Norman Schwarzkopf Biography, Life, Interesting Facts
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Childhood and Early Life
U.S. Army four-star General Norman Schwarzkopf was born Herbert Norman Schwarzkopf Jr. on the 22 August 1934 in Trenton, New Jersey. He was born into a military family. His father was a brigadier general as well as the first superintendent of the New Jersey State Police. Schwarzkopf Snr. was also a World War I military veteran. Schwartzkopf was one of three children and had two sisters, Sally and Ruth.
Norman Schwarzkopf was a pupil at Bordentown Military Institute before relocating to Iran, Switzerland, and Italy because of his father’s occupation. (1946-1950). By the time he returned to the United States, he was fluent in German and French. He then attended Valley Forge Military Academy in Wayne, Pennsylvania where he was noted for his debating skills. He also played football. He was accepted into West Point Military Academy in New York, graduating in 1956 at No.43 out of a class of 480.
Schwartzkopf underwent airborne and infantry training at Fort Benning, Georgia. He then served with airborne units in Europe and America, including a two-year assignment in Berlin. After doing a career-officer course at Fort Benning, he was awarded a master’s degree in guided-missile engineering from the University of Southern California (1964).
Rise to Fame
In 1965, as Captain Schwartzkopf, he was sent to Vietnam as an adviser to the South Vietnamese airborne division. He returned home a major in 1966 and taught at West Point for two years. He was then promoted to lieutenant colonel and was sent to the Command and General Staff College at Fort Leavenworth in Kansas.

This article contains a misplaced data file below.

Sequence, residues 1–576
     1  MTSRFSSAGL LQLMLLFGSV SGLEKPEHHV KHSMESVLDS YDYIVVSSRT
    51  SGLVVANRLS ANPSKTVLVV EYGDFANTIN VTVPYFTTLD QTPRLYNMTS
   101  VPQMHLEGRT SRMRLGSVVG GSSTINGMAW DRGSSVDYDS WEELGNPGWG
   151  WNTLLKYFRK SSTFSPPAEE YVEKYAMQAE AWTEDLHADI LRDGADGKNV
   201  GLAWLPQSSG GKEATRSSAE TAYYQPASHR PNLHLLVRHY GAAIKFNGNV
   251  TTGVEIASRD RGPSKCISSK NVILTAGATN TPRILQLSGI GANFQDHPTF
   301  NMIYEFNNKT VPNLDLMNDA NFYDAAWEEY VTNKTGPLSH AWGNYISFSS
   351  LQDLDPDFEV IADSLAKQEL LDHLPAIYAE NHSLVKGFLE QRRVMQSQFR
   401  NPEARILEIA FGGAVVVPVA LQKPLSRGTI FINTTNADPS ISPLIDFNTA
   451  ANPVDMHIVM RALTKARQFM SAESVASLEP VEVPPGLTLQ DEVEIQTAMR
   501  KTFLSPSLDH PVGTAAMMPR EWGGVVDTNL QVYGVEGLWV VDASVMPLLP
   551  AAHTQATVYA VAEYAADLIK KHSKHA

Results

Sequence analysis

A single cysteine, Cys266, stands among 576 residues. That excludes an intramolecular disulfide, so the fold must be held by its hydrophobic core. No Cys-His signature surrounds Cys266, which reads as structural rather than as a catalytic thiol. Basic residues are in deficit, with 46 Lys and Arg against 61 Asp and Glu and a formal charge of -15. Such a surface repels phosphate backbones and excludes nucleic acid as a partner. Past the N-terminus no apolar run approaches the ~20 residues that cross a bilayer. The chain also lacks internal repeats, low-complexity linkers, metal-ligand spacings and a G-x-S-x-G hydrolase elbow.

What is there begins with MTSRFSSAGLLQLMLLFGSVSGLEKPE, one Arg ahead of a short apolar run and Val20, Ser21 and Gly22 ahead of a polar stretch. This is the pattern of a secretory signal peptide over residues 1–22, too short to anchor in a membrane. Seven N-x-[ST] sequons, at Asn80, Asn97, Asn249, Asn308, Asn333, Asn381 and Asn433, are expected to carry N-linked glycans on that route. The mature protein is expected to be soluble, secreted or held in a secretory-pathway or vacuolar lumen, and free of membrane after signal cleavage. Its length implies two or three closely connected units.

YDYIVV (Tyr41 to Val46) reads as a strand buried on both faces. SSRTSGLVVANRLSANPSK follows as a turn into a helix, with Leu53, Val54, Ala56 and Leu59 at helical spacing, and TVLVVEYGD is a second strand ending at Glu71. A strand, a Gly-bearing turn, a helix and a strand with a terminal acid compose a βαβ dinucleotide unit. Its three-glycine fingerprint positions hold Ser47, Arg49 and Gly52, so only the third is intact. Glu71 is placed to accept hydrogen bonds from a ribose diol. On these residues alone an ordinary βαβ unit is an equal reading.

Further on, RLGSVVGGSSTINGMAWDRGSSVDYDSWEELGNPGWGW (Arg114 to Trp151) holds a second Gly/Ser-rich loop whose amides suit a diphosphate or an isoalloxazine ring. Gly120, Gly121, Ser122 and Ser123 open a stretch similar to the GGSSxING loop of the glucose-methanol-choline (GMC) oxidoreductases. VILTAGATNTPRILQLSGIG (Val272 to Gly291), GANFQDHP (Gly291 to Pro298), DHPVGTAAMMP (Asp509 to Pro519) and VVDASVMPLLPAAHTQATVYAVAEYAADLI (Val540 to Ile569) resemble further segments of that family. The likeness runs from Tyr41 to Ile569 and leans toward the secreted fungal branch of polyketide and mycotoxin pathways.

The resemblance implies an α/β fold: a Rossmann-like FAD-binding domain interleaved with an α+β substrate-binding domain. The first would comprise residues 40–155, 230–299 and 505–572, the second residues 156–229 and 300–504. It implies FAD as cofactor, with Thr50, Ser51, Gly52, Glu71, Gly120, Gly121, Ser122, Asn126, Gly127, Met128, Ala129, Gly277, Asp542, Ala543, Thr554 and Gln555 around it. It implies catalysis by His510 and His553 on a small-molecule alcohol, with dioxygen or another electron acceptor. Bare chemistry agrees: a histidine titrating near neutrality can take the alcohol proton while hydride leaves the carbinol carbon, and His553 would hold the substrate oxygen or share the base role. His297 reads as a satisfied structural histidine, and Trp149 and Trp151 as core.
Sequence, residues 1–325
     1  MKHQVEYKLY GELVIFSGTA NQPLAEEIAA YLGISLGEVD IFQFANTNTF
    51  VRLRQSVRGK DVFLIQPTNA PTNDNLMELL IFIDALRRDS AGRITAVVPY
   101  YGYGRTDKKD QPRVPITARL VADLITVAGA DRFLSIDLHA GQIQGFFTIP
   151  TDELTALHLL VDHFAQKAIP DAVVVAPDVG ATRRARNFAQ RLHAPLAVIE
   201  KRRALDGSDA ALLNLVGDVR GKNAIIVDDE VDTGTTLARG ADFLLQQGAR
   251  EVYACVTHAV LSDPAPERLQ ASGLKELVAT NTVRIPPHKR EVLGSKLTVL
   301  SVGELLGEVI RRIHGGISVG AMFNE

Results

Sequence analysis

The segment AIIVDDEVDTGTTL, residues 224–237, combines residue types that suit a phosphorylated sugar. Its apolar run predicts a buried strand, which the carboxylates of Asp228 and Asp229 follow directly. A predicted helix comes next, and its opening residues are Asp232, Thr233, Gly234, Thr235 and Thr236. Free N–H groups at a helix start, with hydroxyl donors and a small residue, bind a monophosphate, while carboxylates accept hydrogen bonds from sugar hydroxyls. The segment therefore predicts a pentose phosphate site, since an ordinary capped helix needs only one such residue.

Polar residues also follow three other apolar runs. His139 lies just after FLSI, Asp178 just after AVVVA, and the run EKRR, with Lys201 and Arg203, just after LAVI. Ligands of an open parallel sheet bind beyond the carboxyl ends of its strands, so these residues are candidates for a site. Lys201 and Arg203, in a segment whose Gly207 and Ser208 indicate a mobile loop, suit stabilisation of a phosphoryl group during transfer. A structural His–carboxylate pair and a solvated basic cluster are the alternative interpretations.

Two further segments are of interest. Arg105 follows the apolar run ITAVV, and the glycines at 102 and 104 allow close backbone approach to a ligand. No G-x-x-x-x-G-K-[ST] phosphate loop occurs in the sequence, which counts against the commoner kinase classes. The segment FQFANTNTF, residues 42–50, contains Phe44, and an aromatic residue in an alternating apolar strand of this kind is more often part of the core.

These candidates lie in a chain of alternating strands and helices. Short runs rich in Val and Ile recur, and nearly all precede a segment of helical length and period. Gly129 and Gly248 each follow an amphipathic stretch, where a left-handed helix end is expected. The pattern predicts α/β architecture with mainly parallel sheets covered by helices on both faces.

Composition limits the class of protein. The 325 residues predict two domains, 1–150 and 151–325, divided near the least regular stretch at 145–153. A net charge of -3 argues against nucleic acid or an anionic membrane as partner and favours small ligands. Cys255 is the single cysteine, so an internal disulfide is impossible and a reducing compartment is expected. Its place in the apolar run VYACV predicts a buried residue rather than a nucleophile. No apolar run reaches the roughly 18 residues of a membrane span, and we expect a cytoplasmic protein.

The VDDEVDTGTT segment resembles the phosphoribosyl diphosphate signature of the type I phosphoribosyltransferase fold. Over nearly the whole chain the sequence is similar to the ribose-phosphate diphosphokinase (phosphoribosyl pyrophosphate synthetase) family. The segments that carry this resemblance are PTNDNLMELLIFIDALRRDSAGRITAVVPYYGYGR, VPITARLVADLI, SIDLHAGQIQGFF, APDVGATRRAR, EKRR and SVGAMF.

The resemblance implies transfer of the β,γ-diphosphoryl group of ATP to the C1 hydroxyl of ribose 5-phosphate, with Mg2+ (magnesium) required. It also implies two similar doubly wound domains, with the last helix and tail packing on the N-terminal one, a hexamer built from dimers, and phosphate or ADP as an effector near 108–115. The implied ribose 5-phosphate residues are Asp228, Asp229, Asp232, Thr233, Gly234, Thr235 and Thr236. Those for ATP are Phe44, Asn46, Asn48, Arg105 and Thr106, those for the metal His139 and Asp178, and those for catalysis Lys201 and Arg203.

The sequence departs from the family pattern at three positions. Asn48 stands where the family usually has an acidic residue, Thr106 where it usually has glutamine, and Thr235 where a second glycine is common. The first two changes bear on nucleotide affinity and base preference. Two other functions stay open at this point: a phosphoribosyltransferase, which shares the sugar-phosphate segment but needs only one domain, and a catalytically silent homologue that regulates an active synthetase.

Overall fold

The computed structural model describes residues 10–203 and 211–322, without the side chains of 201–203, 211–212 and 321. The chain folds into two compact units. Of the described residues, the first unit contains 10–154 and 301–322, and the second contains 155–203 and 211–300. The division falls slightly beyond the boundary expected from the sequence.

On his second tour of duty in Vietnam (1969-1970), Norman Schwarzkopf won three Silver Stars; he was also wounded twice. Schwarzkopf was made a colonel in 1975, a brigadier general in 1978, a major general in 1982 and a lieutenant general in 1986. He coordinated the task force that invaded Grenada known as Operation Urgent Fury. The operation involved rescuing American medical students on the island as well as suppressing the rebels and restoring law and order.
Schwarzkopf became a 4-star general in 1988 and was appointed the commander of the United States Central Command at MacDill Air Force Base in Tampa. This role meant supervising the US military activities in the Middle East, the Horn of Africa and the Persian Gulf.
When Iraqi forces invaded Kuwait on the 2 August 1990, Norman Schwarzkopf relocated his headquarters to Riyadh in Saudi Arabia and prepared for war with ships, aircraft and three-quarters of a million allied troops which included half a million Americans and Arab contingents under Prince Khaled bin Sultan of Saudi Arabia, the co-commander of the gulf war. Iraq was given a deadline to withdraw from Kuwait, and when it was not met, the gulf war broke out on the 15 January 1991.
Because the first Gulf War was the first war to be televised, and Schwartzkopf controlled what was released to the media, he became the iconic figure of the commander dressed in battle fatigues known as Storm’ Norman and an international figure. At the end of the war, Schwartzkopf was welcomed on his return home by massive parades New York City and Washington D.C. (June 1991). After retiring from the military in August 1991, Schwartzkopf relocated to Tampa, Florida.
Norman Schwarzkopf published a memoir; It Doesn’t Take A Hero (1992) which became a bestseller.
Awards and Achievements
Schwartzkopf was the recipient of many awards and honours, including the Presidential Medal of Freedom (2002) and a knighthood from Queen Elizabeth of England
Norman Schwarzkopf married Brenda Holsinger in 1968, and they had three children, Christian, Cynthia, and Jessica. Norman Schwarzkopf died on the 27 December 2012 in Tampa, Florida from pneumonia.
Paul Von Hindenburg